In a major new twist, TransCanada Corp. yesterday asked the Obama administration to pause its roughly 7-year-old and highly contentious permitting process for the Keystone XL oil pipeline.
The development, which could delay the final decision on the controversial pipeline and put it into the hands of the next president, sent supporters and opponents of the project into a new phase of advocacy, with both sides in high warble over the company’s announcement.
The company, which wants permission to transport Canadian oil sands crude from Alberta into the United States, pointed to uncertainty with the pipeline’s route through Nebraska in explaining its request.
"In order to allow for certainty regarding the Nebraska route, TransCanada requested that the State Department pause in its review of the Presidential Permit application for Keystone XL," TransCanada executive Kristine Delkus wrote to Secretary of State John Kerry.
"This will allow a decision on the Permit to be made later based on certainty with respect for the route of the pipeline," Delkus wrote.
In recent weeks, TransCanada stunned pipeline supporters and opponents by dramatically shifting its Nebraska strategy. Rather than rely on a governor-issued permit, the company asked the state’s Public Service Commission to review the project.
TransCanada lobbied hard for the law allowing the governor to bypass the PSC and celebrated a state hard-fought Supreme Court victory this year. That victory, however, came on a technicality and allowed landowners opposed to KXL going through their land to continue challenging the law’s constitutionality (EnergyWire, Sept. 30).
TransCanada CEO Russ Girling said the new permitting process in the Cornhusker State could take between seven months to a year. He said it makes sense for the State Department to halt its review.
"I note that when the status of the Nebraska pipeline route was challenged last year, the State Department found it appropriate to suspend its review until that dispute was resolved," said Girling. "We feel under the current circumstances a similar suspension would be appropriate."
The State Department is reviewing and has not made a decision on the company’s request.
Sen. John Hoeven (R-N.D.), one of KXL’s top defenders on Capitol Hill, said TransCanada’s decision stemmed from the administration’s own shortcomings.
"It is clear President Obama was going to deny the permit," he said. "The costly delay has prevented the company from proceeding on a new pipeline that would have brought oil from Canada and the Bakken [oil-producing region] to U.S. refineries and jobs and revenue to local communities."
Energy and Natural Resources Chairwoman Lisa Murkowski (R-Alaska) struck a similar note. "Today’s request by TransCanada doesn’t change the fact that President Obama deliberately chooses to put arbitrary delays on this vital energy infrastructure project," she said.
Some TransCanada critics have said the company is trying to buy time. The delay, if State agrees, could take the issue into the next administration.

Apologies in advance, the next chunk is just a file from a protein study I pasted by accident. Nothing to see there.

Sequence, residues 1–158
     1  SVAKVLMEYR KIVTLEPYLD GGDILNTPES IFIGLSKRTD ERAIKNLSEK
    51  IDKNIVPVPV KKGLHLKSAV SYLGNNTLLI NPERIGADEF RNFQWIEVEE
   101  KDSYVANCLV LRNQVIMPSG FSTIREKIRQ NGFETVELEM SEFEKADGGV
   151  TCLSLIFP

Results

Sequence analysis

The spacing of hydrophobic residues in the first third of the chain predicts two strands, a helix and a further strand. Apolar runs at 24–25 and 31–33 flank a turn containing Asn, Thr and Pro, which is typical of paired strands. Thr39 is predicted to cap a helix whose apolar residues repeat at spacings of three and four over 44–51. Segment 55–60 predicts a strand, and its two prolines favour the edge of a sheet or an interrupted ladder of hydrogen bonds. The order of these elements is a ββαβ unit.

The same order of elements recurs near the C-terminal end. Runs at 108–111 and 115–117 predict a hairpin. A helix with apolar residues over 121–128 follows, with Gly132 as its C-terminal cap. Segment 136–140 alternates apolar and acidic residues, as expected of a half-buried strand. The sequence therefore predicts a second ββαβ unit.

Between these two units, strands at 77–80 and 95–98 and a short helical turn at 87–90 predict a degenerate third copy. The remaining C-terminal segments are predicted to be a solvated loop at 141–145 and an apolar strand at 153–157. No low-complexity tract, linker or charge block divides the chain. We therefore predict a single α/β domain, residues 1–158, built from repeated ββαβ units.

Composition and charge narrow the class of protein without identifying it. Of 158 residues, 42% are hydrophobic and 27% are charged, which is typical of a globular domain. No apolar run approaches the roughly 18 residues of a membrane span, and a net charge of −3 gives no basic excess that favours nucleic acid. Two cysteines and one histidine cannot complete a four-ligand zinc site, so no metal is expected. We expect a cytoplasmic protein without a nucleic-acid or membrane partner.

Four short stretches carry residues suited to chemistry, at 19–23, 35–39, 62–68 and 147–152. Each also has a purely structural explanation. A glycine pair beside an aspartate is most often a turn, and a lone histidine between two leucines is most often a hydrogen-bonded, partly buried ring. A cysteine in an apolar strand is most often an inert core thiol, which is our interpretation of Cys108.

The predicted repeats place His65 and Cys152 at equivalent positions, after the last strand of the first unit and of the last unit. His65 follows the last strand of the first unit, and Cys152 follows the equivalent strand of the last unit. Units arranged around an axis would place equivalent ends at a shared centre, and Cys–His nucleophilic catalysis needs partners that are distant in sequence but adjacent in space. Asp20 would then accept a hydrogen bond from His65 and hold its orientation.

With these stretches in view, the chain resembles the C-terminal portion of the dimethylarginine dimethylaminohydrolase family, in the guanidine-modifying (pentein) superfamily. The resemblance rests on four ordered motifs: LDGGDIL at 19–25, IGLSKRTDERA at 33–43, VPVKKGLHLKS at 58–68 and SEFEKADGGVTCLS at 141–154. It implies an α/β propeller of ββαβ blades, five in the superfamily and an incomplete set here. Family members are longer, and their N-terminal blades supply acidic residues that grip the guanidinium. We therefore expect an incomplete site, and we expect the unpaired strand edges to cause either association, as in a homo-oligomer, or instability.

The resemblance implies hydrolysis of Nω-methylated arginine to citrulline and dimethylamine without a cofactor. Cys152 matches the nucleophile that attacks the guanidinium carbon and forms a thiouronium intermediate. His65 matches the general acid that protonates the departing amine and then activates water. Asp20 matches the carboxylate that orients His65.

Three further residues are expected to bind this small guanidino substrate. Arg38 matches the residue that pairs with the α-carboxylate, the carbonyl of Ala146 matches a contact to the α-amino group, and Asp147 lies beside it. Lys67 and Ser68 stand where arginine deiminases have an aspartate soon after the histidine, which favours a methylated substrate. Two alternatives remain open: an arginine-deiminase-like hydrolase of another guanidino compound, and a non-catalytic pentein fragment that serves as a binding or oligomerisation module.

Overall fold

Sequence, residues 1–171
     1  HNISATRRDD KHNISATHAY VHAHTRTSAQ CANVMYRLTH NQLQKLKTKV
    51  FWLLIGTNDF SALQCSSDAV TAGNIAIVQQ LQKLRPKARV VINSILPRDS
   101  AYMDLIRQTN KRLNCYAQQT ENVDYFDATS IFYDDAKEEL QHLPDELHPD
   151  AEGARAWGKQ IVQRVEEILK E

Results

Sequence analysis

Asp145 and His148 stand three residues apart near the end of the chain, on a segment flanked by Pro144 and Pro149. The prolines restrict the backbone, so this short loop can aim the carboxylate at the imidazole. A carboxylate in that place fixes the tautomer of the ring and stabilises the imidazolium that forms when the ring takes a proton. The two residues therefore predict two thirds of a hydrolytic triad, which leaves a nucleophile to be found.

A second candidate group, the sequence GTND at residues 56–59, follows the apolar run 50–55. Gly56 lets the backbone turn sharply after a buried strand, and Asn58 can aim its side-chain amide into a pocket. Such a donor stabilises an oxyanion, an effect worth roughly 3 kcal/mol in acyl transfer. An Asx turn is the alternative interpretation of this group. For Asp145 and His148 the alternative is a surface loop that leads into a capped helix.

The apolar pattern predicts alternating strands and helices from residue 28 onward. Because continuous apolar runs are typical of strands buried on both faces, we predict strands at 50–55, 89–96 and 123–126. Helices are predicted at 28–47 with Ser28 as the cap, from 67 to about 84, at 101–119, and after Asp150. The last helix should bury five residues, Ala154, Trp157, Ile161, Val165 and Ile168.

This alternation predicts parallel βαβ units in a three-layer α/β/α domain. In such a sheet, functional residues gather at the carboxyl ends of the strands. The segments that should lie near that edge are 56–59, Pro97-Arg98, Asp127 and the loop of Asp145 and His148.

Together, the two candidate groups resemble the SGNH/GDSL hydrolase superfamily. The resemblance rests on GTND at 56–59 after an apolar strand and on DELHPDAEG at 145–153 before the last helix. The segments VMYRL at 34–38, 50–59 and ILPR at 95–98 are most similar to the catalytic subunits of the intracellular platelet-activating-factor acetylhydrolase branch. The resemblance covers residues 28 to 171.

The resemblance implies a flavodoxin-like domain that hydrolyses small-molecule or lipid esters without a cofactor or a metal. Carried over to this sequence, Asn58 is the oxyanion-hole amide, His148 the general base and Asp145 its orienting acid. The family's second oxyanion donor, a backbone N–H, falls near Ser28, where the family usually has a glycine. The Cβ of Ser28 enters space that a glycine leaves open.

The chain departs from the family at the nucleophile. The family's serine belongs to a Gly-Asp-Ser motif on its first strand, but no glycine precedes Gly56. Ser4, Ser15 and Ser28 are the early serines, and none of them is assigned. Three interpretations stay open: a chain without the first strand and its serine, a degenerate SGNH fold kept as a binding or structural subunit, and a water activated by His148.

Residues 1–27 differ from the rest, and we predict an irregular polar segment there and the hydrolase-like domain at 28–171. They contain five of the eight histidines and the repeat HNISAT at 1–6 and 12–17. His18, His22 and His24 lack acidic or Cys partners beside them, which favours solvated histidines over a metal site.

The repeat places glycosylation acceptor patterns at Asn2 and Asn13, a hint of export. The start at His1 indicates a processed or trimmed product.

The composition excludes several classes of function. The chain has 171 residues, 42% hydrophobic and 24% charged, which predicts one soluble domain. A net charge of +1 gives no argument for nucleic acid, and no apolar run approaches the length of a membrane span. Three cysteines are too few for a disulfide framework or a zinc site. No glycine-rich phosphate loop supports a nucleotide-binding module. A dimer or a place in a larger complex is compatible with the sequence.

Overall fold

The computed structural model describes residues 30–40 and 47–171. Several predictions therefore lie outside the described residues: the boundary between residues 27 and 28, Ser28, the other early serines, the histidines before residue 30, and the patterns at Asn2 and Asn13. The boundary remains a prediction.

Even though Republican candidates have all backed KXL, leading Democratic contender Hillary Clinton has come out against the project, and so have her party rivals.
Environmental advocates and other pipeline foes are asking the administration to make up its mind on KXL rather than continue delaying the process.
"Suspending the Keystone XL permit application at this point would be absurd," said Tiernan Sittenfeld, the League of Conservation Voters’ government affairs senior vice president. "This is nothing more than another desperate and cynical attempt by TransCanada to build their dirty pipeline someday if they get a climate denier in the White House in 2017."
Jane Kleeb, founder of opposition group Bold Nebraska, said, "The route in Nebraska has been uncertain for years, the only difference now is TransCanada knows they are about to have their permit rejected so they are scrambling."
And Bill McKibben, founder of the group 350.org, called the developments a victory for greens and defeat for KXL. "Clearly TransCanada has lost and they recognize that," he said. "It’s one of the great victories for this movement in decades."
The only steps remaining in federal permitting for KXL is for State to finish its national interest review and Kerry to make a recommendation to the president.
White House spokesman Josh Earnest said yesterday, before TransCanada’s news broke, that Obama would make a decision on KXL before the end of his term but that it might not come anytime soon.
Supporters and opponents of the project saw the recent Canadian elections as a potential milestone in the seven-year permitting process. The project was a talking point during the campaign.
But Earnest, when asked about the timing of a KXL decision following a Liberal Party victory north of the border, declined to offer any specifics and pointed to the State Department, which has also declined to comment.
"Our expectation at this point is that the president will make a decision before the end of his administration on the Keystone pipeline, but when exactly that will be I don’t know at this point," said Earnest.
Asked whether it could happen this year, Earnest said, "It’s possible. It’s also possible it could happen next year."
Canadian Liberal Party head and newly elected Prime Minister Justin Trudeau supports the Alberta-to-U.S. project, but he has not made it a centerpiece of his agenda (Greenwire, Oct. 20).